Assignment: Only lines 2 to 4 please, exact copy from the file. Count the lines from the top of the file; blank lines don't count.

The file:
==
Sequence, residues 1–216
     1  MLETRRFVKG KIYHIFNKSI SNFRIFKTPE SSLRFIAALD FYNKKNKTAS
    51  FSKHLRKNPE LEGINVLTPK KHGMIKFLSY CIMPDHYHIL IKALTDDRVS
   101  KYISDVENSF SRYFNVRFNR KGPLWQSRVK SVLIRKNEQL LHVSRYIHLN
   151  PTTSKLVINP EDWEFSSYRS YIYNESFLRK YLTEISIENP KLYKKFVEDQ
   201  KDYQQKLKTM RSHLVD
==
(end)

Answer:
     1  MLETRRFVKG KIYHIFNKSI SNFRIFKTPE SSLRFIAALD FYNKKNKTAS
    51  FSKHLRKNPE LEGINVLTPK KHGMIKFLSY CIMPDHYHIL IKALTDDRVS
   101  KYISDVENSF SRYFNVRFNR KGPLWQSRVK SVLIRKNEQL LHVSRYIHLN